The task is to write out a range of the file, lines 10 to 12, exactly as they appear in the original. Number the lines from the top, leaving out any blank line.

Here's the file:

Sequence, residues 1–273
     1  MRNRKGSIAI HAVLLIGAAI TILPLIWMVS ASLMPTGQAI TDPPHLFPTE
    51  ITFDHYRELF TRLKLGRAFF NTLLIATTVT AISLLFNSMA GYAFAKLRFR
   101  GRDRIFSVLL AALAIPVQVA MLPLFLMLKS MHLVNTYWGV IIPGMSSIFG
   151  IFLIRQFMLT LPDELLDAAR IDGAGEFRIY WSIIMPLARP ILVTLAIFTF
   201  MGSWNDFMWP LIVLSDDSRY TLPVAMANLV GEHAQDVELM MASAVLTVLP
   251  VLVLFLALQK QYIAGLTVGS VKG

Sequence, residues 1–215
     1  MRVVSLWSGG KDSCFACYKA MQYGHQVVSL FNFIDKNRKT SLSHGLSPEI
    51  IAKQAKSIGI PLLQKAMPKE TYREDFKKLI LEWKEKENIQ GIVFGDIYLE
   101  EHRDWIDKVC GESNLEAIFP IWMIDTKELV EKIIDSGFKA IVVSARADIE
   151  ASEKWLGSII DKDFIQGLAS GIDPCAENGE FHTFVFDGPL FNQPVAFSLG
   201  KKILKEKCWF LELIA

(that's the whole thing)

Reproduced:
    51  IAKQAKSIGI PLLQKAMPKE TYREDFKKLI LEWKEKENIQ GIVFGDIYLE
   101  EHRDWIDKVC GESNLEAIFP IWMIDTKELV EKIIDSGFKA IVVSARADIE
   151  ASEKWLGSII DKDFIQGLAS GIDPCAENGE FHTFVFDGPL FNQPVAFSLG